EXCLUSIVE: BGE is quietly pushing to control Baltimore’s underground conduit system
“The city loses. BGE would have total control,” says former Mayor Jack Young of the arrangement the company has been crafting with the Scott administration
Above: A new conduit line being installed on Greenmount Avenue. (Commercial Utilities LLC)
Baltimore Gas & Electric is working with the Scott administration to find a way to circumvent voters’ wishes and take control of the publicly owned conduit system.
A draft agreement – submitted to Scott officials by BGE’s Chief Financial Officer David Vahos on January 13 – would terminate the company’s $28 million-a-year rental payments to the city in return for making roughly the same dollar amount of capital improvements per year.
Critically, the plan would shift decision-making authority from the city Department of Transportation to BGE, which currently uses 76% of the system’s space for its electric service.
Last November, city voters overwhelmingly approved a charter amendment blocking “the sale, transfer or franchising” of the 700-mile network of conduit pipes that carry electric, telephone, fiber-optic and traffic-signal cables under city streets.
While the cable network would officially remain in city hands, the draft agreement gives BGE “sole discretion” to decide what capital projects to pursue, effective the day the agreement is approved by the Board of Estimates.
Such unilateral control could jeopardize the city’s stated goal of using the conduits to provide broadband access to all city residents.
Six million dollars of American Rescue Plan funds were set aside to route fiber to 23 recreation centers and create 100 Wi-Fi hot spots.
The draft agreement does not address whether BGE would allow this and other community projects to proceed.
• DOCUMENTS: Charter amendment blocking sale of conduits, and BGE’s proposal to end its franchise fees to the city (1/27/23)
What’s more, the draft contract releases the company from all MBE and WBE requirements.
The current practice is for 36% participation by minority and women-owned businesses in conduit construction.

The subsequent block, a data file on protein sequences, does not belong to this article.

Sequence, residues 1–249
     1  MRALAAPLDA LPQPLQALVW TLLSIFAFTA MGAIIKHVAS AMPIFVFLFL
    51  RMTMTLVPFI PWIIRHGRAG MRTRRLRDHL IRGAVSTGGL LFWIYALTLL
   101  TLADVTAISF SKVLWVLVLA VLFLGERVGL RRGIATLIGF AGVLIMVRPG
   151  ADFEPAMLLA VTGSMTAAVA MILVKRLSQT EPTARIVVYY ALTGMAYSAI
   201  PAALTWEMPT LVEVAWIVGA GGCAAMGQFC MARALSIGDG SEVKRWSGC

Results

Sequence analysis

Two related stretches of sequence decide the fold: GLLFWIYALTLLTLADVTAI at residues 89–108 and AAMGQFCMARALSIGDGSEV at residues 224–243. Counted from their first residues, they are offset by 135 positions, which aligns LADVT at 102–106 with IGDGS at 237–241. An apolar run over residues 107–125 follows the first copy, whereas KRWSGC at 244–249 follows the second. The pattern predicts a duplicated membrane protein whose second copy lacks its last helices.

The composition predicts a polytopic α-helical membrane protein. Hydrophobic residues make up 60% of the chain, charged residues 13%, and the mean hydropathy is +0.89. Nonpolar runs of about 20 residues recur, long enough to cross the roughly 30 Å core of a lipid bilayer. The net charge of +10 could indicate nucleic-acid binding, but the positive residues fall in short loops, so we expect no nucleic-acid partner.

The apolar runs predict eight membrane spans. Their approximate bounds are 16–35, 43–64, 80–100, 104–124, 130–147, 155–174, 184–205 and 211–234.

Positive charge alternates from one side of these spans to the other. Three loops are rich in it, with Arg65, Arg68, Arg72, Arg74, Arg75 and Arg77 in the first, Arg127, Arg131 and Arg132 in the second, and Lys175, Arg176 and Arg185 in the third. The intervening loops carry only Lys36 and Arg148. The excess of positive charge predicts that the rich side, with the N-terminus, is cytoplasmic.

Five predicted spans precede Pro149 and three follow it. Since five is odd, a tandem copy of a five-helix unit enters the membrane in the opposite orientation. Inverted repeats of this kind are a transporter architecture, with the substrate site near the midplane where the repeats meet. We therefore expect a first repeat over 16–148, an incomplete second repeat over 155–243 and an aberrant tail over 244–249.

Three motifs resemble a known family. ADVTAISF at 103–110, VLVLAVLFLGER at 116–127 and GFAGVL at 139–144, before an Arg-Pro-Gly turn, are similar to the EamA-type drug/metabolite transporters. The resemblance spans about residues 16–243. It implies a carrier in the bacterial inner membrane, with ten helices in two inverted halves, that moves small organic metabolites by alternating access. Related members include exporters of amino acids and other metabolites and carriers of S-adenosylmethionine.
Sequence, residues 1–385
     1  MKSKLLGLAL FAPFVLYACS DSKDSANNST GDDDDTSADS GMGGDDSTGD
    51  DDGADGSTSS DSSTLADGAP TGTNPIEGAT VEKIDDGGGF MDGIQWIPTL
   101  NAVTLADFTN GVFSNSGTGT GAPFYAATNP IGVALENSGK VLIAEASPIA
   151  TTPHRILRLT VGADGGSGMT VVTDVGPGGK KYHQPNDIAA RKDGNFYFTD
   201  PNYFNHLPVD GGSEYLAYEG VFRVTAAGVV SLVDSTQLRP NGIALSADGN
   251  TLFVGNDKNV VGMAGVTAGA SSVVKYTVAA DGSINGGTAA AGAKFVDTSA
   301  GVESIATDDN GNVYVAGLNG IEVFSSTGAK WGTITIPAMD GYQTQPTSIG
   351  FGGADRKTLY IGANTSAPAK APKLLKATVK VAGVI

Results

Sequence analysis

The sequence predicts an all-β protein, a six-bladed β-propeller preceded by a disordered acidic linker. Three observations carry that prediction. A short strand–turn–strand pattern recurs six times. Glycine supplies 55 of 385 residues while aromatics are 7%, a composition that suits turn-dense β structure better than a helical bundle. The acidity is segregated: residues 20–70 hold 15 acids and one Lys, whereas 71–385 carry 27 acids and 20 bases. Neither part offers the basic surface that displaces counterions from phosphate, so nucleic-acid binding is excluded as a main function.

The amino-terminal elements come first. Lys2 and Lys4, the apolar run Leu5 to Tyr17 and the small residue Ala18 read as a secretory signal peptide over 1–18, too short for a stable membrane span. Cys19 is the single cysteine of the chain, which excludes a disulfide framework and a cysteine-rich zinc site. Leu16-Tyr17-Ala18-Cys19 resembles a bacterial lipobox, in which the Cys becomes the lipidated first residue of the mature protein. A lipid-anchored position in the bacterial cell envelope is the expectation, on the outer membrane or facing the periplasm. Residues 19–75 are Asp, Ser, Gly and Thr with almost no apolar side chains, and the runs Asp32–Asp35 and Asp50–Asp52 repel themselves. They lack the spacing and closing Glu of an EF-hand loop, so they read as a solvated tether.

Denounced by Ex-Mayor
The nine-page document by BGE comes in the form of an “amendment” to a 2016 settlement that ended a BGE lawsuit after the city increased annual conduit fees.
Former Mayor Bernard C. “Jack” Young – who approved the 2016 pact as then-city council president – took the unusual step of publicly criticizing the contract revision, calling it a raw deal for Baltimore residents.
“The city loses. We would have no control. BGE would have total control,” Young said in an interview yesterday with The Brew. “The whole thing stinks – there’s something really rotten here.”
”The whole thing stinks – there’s something really rotten here” – Ex-Mayor Jack Young.
“They can do whatever they want, and they can do it without telling us,” Young said, referring to BGE. “We get nothing out of this. Zero.”
Especially concerning, he said, is that the changes are being proposed in spite of the passage of a charter amendment that was explicitly written to keep the conduit system under public control.
“Why would we do this when the people of Baltimore said they don’t want us to? Specifically, the voters said, the city should not sell off its conduits,” he continued.
Young led the effort in the City Council to place the conduit charter amendment before voters.
After Young became mayor, his successor as council president, Brandon Scott, pursued the same course.
But as mayor, Scott proposed last October to appoint a consultant, FMI Capital Investors, to explore options for restructuring and potentially selling the conduits.
Scott explained his shifting position by saying the network was losing $7 million a year, a figure that a knowledgeable city official told The Brew was wildly exaggerated.
The $50,000 contract was deferred at the request of City Council President Nick Mosby, only to reappear after the November election.
The contract was approved 3-2 by Scott’s designee, Chief Administrative Officer Chris Shorter, and Scott’s two appointees – City Solicitor Jim Shea and deputy Public Works Director Richard Luna – over the objections of Mosby and Comptroller Bill Henry.
“BGE can’t just pay”
Saying the conduit system was rapidly aging, Assistant Solicitor Hilary Ruley told the Board of Estimates that “the biggest user, BGE, can’t just pay whatever we throw out.”
She said the city was looking at FMI to “come up with some arrangement that it can find to help us monetize and better maintain the conduits – something similar to what other cities do.”
Under the January 13 draft agreement obtained by The Brew, the city would receive $1 million a year from BGE to inspect and maintain the network, and the company would spend “up to $124 million in capital improvements” over the next four years.
The amended contract would then automatically renew for three-year periods unless the city gave a nine-month advance notice.
Once a year, the city could recommend potential capital improvements to BGE, the revised language says.
But the electric company would have “sole discretion” and the final say in what capital improvements would be undertaken.
The firm could also perform any maintenance function “in an emergency situation,” and “the City shall not hold BGE liable for any damages.”
On January 10, 2023, the BGE Political Action Committee gave $2,500 to the People For Brandon M. Scott campaign committee, State Elections Board records show.
On January 11, 2022, Scott’s committee received $1,000 from Calvin Butler, chairman of BGE who also serves as president and CEO of Exelon, BGE’s parent corporation.
• Fern Shen contributed to this story. To reach a reporter: email@example.com.